Multiple Higgs and a pantheon of gods?

Mike Hewson
Mike Hewson
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RE: I really don't want to

Message 98395 in response to message 98394

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I really don't want to get into the weeds on this, because I think that's part of the problem. I look at fuzzy logic as new approach at looking at solving a problem. Rather then the usual approach of classifying and quantifying the parameters of the what you 'think' you need to know to solve the problem. Look at the problem in a more indirect way and just develop a system that attends to the symptoms of the problem. The problem over time will take care of itself. I know I am using the wrong words.


I know where you're at! T'is a weedy area .... :-):-)

I think Mr Kosko was/is harshly dealt with for his alternate view and I have alot of respect for him standing his ground. His approach was discarded not because it was wrong, but because it was new. In strict logical terms the equivalence of predictions is a strength, not a weakness. I reckon it's a matter of viewpoint as to which is 'simpler' on any Occam scale. Certainly the counter-intuitive roadblock we currently have with QM deserves 'rim shot' attempts. With particle physics the calculational gymnastics frequently breaches maths rigour. I found out the other day that Feynman's sum-over-histories program has significant gaps in the strictness of proofs, thus it is used with a quick blurring over the uncomfortable bits ( 'cos the experimental predictions are so great ).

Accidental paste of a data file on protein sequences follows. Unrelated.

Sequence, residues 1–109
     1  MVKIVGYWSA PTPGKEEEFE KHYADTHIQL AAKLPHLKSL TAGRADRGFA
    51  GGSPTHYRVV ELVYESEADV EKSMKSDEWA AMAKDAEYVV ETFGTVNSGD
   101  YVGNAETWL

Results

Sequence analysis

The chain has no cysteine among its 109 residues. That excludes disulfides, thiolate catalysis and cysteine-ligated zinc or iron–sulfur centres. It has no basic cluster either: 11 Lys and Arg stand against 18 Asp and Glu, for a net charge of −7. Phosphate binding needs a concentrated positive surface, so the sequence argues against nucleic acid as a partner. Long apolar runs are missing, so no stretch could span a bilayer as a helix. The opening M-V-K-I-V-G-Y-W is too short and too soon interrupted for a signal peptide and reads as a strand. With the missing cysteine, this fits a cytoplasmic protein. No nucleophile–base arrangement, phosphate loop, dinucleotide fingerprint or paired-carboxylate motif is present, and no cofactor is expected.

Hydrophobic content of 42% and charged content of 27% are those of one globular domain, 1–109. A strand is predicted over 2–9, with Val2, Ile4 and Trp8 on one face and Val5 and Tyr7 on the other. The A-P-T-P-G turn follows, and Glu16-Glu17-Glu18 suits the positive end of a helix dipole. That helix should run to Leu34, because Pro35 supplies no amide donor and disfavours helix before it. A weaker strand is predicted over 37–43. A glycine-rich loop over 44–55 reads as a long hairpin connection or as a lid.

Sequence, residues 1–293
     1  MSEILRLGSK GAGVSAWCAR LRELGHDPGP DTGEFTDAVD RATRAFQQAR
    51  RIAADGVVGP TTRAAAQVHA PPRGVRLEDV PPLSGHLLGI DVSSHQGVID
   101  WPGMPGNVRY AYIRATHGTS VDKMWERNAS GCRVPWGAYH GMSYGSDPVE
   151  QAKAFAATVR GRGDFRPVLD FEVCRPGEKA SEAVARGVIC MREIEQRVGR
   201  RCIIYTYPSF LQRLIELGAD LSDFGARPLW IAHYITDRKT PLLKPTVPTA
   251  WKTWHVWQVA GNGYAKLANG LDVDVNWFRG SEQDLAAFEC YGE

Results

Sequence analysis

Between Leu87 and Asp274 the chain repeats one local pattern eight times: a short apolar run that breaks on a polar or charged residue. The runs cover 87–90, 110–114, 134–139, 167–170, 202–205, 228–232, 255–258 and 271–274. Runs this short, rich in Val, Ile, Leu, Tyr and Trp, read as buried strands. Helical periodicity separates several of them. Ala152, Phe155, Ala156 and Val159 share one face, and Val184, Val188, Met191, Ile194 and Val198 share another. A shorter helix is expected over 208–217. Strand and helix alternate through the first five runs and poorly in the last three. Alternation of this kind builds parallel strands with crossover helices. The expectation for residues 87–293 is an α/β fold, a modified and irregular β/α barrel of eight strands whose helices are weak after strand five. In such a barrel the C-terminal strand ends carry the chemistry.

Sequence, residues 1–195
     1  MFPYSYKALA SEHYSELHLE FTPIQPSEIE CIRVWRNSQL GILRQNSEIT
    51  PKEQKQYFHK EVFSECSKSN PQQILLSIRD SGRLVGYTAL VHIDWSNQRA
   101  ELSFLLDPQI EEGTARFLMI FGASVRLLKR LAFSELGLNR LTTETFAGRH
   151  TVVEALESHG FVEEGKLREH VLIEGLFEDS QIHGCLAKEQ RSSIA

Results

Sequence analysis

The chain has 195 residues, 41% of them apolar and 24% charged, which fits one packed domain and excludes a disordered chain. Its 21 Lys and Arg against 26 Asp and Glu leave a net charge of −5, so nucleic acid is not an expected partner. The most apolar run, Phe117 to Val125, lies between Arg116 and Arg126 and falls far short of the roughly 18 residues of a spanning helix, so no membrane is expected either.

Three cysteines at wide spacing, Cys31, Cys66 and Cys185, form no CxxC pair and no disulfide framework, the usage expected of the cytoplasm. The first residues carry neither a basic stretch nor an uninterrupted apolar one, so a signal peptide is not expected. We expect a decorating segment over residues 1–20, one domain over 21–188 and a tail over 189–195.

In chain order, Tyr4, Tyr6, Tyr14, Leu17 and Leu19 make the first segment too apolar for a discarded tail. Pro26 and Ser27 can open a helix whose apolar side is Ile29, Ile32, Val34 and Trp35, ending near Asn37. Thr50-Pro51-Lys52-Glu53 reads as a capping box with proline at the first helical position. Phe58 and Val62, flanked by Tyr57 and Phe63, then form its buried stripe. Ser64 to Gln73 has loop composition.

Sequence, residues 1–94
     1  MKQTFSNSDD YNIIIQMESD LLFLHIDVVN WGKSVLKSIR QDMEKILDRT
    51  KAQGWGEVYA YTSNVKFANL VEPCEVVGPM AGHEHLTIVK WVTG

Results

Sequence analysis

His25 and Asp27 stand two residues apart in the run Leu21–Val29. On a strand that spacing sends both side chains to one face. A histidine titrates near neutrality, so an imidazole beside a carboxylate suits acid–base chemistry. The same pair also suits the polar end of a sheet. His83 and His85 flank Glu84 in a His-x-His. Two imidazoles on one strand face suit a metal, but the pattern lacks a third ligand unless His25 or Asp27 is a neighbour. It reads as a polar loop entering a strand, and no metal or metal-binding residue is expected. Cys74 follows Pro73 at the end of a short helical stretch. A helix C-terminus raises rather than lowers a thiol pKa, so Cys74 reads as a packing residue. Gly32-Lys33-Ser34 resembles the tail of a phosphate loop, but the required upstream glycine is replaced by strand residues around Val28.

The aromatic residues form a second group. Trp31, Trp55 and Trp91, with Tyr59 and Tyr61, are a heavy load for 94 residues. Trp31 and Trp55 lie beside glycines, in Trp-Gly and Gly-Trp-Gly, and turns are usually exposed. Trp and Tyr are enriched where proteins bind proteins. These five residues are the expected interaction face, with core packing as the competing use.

This was seen in the early days of QM too, with 'wave mechanics' ( Schroedinger ) and 'matrix mechanics' ( Heisenberg ). Sets of particular solutions to differential equations morph to eigenvectors of matrix transformations. Utterly equivalent, though that wasn't initially apparent. Potayto/potahto. I've seen similiar discussions about the generation of lift by aeroplane wings - is it pressure differentials or airflow deflection ?? It's actually both depending on which terms within Bernouilli's Equation ( sum of the pressure energies is constant ) that you want to focus upon ( referring molecular movement to a centre of mass point vs movement of the centre of mass ).